What to Know about CBP Export Seizures

By: Derrick Kyle, Associate
Date: 04/05/2020

Regular readers of our newsletter, and those familiar with U.S. import and export regulations, know that U.S. Customs and Border Protection (“CBP” or “Customs”) generally enforces the U.S. import regulations, while multiple executive government agencies administer regulations related to the export of goods. Such agencies include, but are not limited to, the Department of Commerce Bureau of Industry and Security (“BIS”), the Department of State Directorate of Defense Trade Controls (“DDTC”), the Department of the Treasury Office of Foreign Assets Control, the Drug Enforcement Agency, and the Census Bureau.

However, CBP also enforces export regulations at the country's ports, which can lead to a situation that every exporter hopes to avoid: the seizure by CBP of export merchandise. These seizures can be prompted by violations of regulations administered by multiple agencies and can range from egregious violations of U.S. sanctions laws to forgetting to cite a license or license exception in the Electronic Export Information (“EEI”) of an export shipment.

In July 2019, CBP updated its Mitigation Guidelines (the “Guidelines”), specifically the section related to forfeiture remission for export seizures.[1] When property is seized by Customs, interested parties may submit an administrative petition, requesting remittance of the forfeiture and the return of the merchandise. Customs is not required to grant relief in any specific case, but, if CBP does decide to grant relief, it can consult the Guidelines, which include a change in remittance payment structure.

To “remit forfeiture,” the exporter typically must pay a “forfeiture remission amount” to have the merchandise released from seizure. Under the Guidelines, the remission amount is a percentage of the value of the merchandise, similar to the structure for the seizure of imports.

CBP also abandoned its previous distinction between technical violations and substantive violations of export regulations. The new guidelines acknowledge a difference between License Violations and Non-License Violations, with a recommendation that License Violations should generally necessitate a remission on the higher end of the range of amounts, which range from 10% to 80% of the value of the merchandise.

The Guidelines also provide a description of several mitigating and aggravating factors that should be considered when CBP determines the remission amount. The mitigating factors listed by CBP include:

  • Inexperience of the exporter;
  • Prior good record;
  • Voluntary disclosure of the violation to CBP and/or the other concerned agency;
  • Violation caused by the action of another party;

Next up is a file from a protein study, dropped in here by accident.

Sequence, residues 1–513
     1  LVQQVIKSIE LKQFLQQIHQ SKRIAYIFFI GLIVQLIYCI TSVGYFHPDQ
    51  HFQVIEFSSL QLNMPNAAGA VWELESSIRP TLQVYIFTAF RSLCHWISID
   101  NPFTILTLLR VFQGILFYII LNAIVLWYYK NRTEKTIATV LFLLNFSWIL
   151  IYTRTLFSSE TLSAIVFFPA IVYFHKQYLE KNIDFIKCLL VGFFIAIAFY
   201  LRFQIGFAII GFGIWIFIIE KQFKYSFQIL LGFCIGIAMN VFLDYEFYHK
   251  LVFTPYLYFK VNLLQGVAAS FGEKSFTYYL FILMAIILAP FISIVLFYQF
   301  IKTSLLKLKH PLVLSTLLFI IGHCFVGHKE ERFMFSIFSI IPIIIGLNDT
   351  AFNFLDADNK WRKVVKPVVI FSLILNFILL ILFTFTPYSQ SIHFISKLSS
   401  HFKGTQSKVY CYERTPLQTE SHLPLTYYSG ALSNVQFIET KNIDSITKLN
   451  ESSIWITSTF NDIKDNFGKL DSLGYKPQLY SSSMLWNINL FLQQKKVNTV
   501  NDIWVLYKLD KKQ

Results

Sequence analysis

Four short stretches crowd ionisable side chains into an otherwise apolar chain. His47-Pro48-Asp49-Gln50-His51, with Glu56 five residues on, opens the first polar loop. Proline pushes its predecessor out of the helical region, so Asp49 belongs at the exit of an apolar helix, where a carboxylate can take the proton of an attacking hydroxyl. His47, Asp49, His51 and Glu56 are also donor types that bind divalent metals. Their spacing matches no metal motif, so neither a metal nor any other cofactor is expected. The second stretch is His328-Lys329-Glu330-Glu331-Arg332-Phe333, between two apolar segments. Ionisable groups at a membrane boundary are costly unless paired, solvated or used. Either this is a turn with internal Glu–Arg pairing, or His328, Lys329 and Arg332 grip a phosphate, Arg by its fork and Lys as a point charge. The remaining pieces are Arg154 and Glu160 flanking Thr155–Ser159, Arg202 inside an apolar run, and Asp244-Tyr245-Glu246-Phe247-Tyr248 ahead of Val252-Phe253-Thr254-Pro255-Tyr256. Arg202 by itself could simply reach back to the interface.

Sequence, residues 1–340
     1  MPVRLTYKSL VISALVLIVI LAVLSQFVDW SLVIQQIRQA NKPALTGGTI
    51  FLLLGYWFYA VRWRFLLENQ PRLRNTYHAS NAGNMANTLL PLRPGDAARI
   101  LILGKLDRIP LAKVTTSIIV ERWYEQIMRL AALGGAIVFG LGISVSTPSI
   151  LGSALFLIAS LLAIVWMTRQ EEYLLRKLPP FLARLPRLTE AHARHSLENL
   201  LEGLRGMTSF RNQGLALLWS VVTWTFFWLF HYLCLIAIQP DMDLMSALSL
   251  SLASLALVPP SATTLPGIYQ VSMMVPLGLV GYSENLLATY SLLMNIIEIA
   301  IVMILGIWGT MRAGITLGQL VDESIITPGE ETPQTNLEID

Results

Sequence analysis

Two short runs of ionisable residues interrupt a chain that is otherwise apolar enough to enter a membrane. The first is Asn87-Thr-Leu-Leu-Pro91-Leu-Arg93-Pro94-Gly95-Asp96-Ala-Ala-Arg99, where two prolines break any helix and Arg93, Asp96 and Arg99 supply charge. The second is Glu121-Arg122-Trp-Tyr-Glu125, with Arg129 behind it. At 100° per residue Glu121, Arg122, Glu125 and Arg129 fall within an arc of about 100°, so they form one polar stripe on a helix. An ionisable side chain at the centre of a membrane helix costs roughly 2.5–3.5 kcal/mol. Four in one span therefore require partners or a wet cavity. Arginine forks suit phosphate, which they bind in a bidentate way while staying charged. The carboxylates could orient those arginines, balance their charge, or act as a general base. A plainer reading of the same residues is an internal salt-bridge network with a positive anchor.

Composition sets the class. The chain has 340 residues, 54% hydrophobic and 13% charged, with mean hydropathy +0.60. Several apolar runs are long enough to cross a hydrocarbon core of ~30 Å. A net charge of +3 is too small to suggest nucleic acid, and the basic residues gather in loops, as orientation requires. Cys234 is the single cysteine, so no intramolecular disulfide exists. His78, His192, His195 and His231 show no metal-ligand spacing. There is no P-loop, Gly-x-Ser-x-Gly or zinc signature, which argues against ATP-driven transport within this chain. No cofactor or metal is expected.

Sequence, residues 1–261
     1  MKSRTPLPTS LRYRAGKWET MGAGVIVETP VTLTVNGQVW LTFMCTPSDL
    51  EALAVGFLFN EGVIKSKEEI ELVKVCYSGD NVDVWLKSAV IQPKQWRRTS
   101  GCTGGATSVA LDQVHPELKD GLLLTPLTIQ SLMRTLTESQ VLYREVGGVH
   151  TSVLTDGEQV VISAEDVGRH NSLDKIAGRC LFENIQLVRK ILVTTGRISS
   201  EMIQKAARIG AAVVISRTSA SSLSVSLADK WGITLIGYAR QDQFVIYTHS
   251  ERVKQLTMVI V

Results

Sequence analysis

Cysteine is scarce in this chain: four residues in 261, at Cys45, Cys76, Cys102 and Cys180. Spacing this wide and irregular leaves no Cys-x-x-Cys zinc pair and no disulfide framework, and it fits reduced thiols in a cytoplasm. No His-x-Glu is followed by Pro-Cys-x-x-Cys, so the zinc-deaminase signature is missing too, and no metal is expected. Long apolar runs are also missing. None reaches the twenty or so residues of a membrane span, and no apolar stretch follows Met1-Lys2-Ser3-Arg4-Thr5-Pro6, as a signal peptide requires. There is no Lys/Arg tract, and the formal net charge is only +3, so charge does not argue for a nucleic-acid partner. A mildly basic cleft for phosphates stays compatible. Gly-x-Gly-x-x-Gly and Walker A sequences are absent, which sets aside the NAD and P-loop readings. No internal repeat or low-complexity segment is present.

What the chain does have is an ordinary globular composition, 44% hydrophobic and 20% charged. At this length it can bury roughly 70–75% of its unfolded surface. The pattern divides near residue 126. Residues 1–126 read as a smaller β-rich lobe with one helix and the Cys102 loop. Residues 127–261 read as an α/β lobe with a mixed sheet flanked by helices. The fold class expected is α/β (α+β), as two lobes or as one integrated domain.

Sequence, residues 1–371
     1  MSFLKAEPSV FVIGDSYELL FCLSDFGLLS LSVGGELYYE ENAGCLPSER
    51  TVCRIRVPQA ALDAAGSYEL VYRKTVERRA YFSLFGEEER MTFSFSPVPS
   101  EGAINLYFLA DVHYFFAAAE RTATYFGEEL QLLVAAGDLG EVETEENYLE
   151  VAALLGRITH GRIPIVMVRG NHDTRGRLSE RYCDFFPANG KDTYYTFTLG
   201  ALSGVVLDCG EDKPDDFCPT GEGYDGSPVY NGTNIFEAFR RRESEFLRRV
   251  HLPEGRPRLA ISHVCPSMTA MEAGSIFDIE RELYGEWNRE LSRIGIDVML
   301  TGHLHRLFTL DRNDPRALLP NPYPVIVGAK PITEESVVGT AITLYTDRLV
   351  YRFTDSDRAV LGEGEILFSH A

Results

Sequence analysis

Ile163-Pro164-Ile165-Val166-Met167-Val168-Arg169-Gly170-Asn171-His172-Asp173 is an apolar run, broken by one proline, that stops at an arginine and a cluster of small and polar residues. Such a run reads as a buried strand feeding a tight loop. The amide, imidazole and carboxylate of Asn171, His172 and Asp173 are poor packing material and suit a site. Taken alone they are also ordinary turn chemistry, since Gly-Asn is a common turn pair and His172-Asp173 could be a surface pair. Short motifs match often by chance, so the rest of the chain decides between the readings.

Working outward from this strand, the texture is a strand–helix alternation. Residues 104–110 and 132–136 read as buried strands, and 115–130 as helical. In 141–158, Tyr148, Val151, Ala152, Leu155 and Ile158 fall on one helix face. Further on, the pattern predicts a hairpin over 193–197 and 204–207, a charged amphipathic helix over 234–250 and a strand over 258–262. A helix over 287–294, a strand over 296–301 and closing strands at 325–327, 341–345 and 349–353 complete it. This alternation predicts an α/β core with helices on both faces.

• Exceptional cooperation with CBP or other agency officials;
  • Evidence of remedial measures;
  • Substantial assistance in the investigation of another person; and
  • Presence of an active export compliance program.

Aggravating factors include:

  • Related criminal conviction;
  • Intentional violation;
  • Pattern of violations;
  • Several violations in the same export transaction;
  • Multiple violations in previous three-year period;
  • Pattern of disregard of export responsibilities; and
  • Lack of an active export compliance program.

The Guidelines provide clarity as to CBP’s actions once export merchandise is seized by the agency, but the underlying truth is that many exporters do not realize CBP’s ability to detain and seize export goods and often think of Customs as only an import agency. An exporter may not be aware of CBP’s enforcement of export regulations until the exporter receives a notice of seizure from Customs.

Exporters are generally used to dealing with BIS, DDTC, or other agencies with export responsibility after receiving notice of an audit of their historical EEI or questions related to a particular export months after the export occurred (see our previous article, The STA License Exception by the Numbers, regarding BIS audits of Strategic Trade Authorization exports). Those circumstances, while not ideal, allow for the exporter to gather documentation to provide to the export agency and file a voluntary self-disclosure if necessary, sometimes before suffering any negative economic impact. When products are seized, though, the exporter will likely incur storage and appraisal costs at the very least.

Customs has always had this tool available for investigating exports, but it may be using it more frequently these days based on the availability of electronic information for auditing through the Automated Export System.


The best strategy to prevent seizure for export violations is an optimized export compliance program to prevent violations – whether of the license or non-license variety – from occurring in the first place. As stated above, having an export compliance program is a mitigating factor and not having a program is an aggravating factor when Customs reviews seizure petitions for relief.

If export merchandise is detained, it’s important to attempt to sort the issue out as soon as possible, potentially before CBP seizes the shipment, which will trigger the need for a petition for relief and further complicate issues. In some cases, CBP may coordinate with the exporter after detention but prior to seizing the property.

Customs seizure of export merchandise can be very frustrating and lead to complications and fees that are not usually present with typical export violations, but the attorneys at Torres Law are prepared to help if you receive a Notice of Detainment or Seizure from CBP.


[1] Mitigation Guidelines: Export Control Seizures, U.S. Customs and Border Protection (July 2019), available at